Rule #7: Demonize the truth tellers who have the temerity to say, "The emperor has no clothes."
There were plenty of people sounding alarms as early as 2003 about the housing bubble and growing deficits that led directly to the devastating economic downturn that lingers today, not only in America but around the world. Most in Washington, including Fannie Mae, Freddie Mac, HUD, the Federal Reserve, Congressman Barney Frank (head of the House Financial Services Committee) and Senator Dodd (head of the Senate Banking Committee), all refused to pay attention to the growing signs of the housing-market collapse and its risk to the US economy, railing against any warnings that Fannie and Freddie were in financial trouble.
Stephen Labaton (2003) of the New York Times quoted Mr. Frank as saying, "These two entities — Fannie Mae and Freddie Mac — are not facing any kind of financial crisis."
In the House of Representatives on June 25, 2007, Congressman Frank stated,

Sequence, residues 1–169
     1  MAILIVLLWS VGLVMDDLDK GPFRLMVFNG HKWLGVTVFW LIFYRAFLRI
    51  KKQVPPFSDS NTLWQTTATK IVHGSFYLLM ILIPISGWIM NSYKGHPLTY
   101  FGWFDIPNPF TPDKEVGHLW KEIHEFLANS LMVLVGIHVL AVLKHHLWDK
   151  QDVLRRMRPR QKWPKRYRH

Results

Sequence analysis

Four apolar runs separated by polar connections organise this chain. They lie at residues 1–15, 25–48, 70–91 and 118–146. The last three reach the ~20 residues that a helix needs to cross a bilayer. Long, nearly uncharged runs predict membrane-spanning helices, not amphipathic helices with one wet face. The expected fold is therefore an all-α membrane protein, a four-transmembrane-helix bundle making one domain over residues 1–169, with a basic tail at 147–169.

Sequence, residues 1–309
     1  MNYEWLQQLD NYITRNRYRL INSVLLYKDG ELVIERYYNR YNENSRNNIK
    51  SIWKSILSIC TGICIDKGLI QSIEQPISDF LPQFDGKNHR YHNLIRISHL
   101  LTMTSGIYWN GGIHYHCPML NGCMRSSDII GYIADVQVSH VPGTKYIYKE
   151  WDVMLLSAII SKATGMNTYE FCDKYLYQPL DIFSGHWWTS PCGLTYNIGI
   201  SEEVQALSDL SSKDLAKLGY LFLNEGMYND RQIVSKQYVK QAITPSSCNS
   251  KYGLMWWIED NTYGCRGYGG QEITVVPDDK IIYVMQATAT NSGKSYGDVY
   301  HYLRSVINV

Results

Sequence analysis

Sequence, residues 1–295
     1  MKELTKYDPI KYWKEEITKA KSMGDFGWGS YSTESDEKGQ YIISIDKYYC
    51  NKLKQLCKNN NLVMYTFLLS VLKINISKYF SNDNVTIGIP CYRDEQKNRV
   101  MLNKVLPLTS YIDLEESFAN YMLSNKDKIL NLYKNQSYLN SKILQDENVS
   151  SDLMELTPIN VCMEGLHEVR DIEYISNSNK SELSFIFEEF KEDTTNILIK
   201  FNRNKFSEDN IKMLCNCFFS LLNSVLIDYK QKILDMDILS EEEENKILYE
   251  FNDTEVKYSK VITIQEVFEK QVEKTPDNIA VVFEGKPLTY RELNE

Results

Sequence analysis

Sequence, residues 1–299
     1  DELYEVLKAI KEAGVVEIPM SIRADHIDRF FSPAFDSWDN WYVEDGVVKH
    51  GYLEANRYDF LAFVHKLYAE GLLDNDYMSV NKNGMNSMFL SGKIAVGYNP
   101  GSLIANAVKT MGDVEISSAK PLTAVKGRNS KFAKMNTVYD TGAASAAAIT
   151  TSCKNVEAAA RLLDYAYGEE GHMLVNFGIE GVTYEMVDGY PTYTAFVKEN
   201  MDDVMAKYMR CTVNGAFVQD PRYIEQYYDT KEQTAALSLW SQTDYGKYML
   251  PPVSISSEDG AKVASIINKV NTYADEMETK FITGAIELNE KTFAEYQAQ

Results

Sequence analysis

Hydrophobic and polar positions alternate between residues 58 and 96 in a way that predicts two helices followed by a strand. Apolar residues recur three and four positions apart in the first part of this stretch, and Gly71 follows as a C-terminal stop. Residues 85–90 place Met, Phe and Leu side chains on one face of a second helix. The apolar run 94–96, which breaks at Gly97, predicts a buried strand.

We have, I think, an excessive degree of concern right now about home ownership and its role in the economy. Obviously speculation is never a good thing. But those who argue that housing prices are now at the point of a bubble seem to me to be missing a very important point. Unlike previous examples we have had where substantial excessive inflation of prices later caused some problems, we are talking here about an entity, home ownership, homes, where there is not the degree of leverage that we have seen elsewhere. This is not the dot com situation.… Homes that are occupied may see an ebb and flow in the price at a certain percentage level but you're not going to see a collapse that you see when people talk about a bubble. So those of us on our committee in particular will continue to push toward home ownership.